So, you think you want to take an online class?
Hello student: If you are reading this, you must be thinking about taking an online class here at Tidewater Community College (TCC). I would like to talk to you about this and offer you some thoughts for your consideration.
Some of you may be thinking that you want to take an online class because your life is really busy and you would appreciate not having to drive to school, find a parking place, sit thorough a boring (not mine of course!) class, go back to your car and go home. By taking an online class, you will definitely save an hour or two of driving, but you still need to attend class on a regular basis. Those of you who think you work well under pressure have a vision that you can do all the work in the last week or so. You can't. My class and most others require that you check in with the class on Blackboard at least once a week.
Online classes are not an oversimplified class which does not require you to do less work than a face to face class. My online class requires exactly the same amount of work and papers as my on campus version. The top reason for problems was that people didn't have enough time-family, work or other classes kept the student from keeping up. Once the students got behind, they were unable to catch up-in other words, you cannot go on vacation for three weeks and expect to do everything when you get back.
These are the top reasons for failing/dropping the class:
- Students don't have enough time
- Lack of management oversight
- Lack of motivation
- Problems with technology
- Lack of student support
- Individual learning preferences
If you think you might be interested then let's look at the other points. Do you work well without anyone looking over your shoulder? Some people find they need the motivation that comes from going to class to keep up. You might want to visit one of these 2 sites to take a quiz to see if you look like a good candidate: http://www.mmlab2.rlc.dcccd.edu/syllabi/onlineCourseAccess/selfassess.htm
Technology is an important point to consider. Do you have a good computer, we do not provide you with a computer at home, and a good connection to the Internet? Please visit this site to see what is needed on your computer and what basic computer skills you will need. http://www.tcc.edu/students/DTLS/students/n_skills.htm#hardware Keep in mind that your teacher is teaching their subject and not computers. Please confirm to your instructor that you meet these requirements.
If you feel that you have met the basic requirements, here is what you will need to do before you register. Our classes here at TCC are given through the Blackboard (BB) system. You will need to log into TCC's web site (http://www.tcc.edu). You can log into myTCC to get to Blackboard and your email usually within 72 hours of registration. Your BB class should be available at least a week before class begins. If you are new to the system, go to https://tcc.my.vccs.edu/jsp/vccsidLookup.jsp to get your login name and password. Use the following link to find more information about Blackboard: http://www.tcc.edu/students/DTLS/blackbrd/index.htm This includes a link to our Technical help.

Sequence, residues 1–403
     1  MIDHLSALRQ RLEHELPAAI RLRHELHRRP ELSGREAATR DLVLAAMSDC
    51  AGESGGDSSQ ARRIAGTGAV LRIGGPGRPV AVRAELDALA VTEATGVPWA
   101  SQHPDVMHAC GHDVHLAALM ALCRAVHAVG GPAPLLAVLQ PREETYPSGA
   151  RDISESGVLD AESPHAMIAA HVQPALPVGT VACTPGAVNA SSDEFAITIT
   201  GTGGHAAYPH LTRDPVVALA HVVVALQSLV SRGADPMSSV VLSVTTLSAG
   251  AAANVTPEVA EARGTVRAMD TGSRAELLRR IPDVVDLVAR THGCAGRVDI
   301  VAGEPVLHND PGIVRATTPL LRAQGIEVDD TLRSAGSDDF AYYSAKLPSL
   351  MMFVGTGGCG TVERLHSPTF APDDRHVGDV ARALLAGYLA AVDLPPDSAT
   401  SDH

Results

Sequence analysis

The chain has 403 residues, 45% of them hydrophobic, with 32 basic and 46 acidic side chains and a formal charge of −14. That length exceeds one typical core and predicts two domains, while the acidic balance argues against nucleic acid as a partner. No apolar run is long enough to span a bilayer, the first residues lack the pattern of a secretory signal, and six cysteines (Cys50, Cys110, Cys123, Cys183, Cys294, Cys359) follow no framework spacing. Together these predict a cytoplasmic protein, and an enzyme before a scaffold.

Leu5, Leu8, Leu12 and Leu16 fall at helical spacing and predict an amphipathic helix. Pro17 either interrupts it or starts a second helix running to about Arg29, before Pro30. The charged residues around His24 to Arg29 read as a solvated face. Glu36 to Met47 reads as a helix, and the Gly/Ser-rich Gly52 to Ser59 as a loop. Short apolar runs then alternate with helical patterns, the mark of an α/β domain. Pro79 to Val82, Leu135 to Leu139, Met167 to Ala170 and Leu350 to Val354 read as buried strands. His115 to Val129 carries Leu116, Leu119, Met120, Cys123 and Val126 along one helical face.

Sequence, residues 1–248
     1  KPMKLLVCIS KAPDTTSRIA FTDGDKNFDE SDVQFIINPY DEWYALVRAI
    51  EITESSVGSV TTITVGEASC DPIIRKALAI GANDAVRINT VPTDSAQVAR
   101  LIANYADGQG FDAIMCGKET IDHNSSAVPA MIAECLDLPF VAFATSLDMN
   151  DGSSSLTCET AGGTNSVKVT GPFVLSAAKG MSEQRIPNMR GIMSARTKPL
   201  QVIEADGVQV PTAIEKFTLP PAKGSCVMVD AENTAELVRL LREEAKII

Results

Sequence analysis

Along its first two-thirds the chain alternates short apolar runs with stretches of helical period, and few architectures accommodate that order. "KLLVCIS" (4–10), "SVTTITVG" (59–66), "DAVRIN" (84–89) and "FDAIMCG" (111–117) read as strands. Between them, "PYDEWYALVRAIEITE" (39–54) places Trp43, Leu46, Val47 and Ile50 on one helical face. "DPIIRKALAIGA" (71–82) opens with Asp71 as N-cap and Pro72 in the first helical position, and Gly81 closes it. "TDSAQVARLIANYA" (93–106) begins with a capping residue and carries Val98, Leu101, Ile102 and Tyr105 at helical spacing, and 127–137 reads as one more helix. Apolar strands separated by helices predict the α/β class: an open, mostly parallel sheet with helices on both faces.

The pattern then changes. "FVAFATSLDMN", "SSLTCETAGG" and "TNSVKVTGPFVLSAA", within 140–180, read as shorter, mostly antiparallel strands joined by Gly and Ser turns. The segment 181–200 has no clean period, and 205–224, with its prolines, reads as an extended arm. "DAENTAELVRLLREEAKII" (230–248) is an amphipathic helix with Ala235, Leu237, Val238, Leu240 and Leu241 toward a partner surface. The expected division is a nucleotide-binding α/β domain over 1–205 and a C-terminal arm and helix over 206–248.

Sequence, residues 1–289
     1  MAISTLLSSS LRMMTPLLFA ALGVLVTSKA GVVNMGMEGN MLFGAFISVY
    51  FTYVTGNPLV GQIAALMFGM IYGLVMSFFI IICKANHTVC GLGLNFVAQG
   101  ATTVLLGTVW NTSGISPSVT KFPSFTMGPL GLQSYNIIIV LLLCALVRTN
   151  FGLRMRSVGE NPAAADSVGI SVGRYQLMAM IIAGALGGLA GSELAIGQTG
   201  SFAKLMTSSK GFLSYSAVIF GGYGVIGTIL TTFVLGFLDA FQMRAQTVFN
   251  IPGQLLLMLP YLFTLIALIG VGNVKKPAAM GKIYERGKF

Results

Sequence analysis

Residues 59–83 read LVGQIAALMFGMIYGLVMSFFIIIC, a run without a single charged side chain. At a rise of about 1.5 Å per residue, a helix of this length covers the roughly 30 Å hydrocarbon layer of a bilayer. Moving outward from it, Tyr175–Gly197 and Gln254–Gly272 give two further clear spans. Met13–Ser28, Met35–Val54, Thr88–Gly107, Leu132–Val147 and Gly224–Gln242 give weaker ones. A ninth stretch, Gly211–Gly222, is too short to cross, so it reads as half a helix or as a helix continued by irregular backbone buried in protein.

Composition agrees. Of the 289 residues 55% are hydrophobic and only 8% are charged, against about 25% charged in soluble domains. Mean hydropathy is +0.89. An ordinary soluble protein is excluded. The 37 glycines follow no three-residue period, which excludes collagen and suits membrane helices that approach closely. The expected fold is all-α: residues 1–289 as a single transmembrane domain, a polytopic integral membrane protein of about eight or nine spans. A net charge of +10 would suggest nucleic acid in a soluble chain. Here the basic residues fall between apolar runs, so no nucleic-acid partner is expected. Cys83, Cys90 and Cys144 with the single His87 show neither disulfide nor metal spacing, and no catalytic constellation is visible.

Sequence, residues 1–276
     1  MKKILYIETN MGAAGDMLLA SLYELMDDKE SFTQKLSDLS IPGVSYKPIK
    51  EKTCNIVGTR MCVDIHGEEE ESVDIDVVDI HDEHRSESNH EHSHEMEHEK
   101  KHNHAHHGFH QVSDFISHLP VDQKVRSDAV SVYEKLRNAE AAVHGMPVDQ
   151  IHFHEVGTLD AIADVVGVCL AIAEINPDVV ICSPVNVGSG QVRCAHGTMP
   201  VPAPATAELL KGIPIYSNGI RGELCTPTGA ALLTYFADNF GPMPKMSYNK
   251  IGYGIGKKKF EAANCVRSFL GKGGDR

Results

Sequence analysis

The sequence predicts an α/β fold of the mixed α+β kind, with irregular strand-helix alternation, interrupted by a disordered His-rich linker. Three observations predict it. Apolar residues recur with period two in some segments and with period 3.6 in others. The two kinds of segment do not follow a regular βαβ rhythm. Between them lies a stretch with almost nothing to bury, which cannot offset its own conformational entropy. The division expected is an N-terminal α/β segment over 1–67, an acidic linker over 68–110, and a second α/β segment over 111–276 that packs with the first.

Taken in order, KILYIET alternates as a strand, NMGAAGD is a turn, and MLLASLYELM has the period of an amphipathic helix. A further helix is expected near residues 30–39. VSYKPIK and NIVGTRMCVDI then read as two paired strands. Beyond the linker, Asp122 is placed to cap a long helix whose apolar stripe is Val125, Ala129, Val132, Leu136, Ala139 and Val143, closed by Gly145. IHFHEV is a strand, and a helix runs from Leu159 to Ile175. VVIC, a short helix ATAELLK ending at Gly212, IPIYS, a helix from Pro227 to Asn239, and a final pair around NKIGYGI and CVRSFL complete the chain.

Once you have registered, be sure you have visited my web site and the following: http://www.tcc.edu/students/DTLS/students/firstep.htm ; please read #6 carefully and email me or your instructor. The Virginia Community College System does require that you must meet on campus at least twice during the semester. I always meet with my students the first Saturday after classes begin at the Virginia Beach Building. This meeting provides us with an opportunity to get to know one another and to make sure everyone understands how the class will happen. Help service.
During the course of the semester, if you need me, we can do online office hours through our BB site, virtual office, or we can arrange to meet in my actual office.
To avoid failure and inefficacious pedagogy in Web-based environments, potential students should respond formally to a set of criteria. Chapter One offered a review on characteristics of distance education students. This criterion may include a survey instrument developed by each institution and distributed before admission to a Web-based program or course; this survey may include such questions as:
- Are you able to work independently?
- Will you sacrifice personal time to complete assignments and readings?
- Can you write clearly and articulate your thoughts coherently?
- Are you a self-starter?
- Are you able to manage time?
- Do you have strong study skills?
- Do you need direct lecture to understand materials?
- Are you comfortable asserting yourself in a group?
- Will you divulge personal information and be comfortable hearing others' information?
- Are you computer literate?
Richland College Multimedia
To assess your chances for success in Distance Learning courses please answer the following questions honestly:
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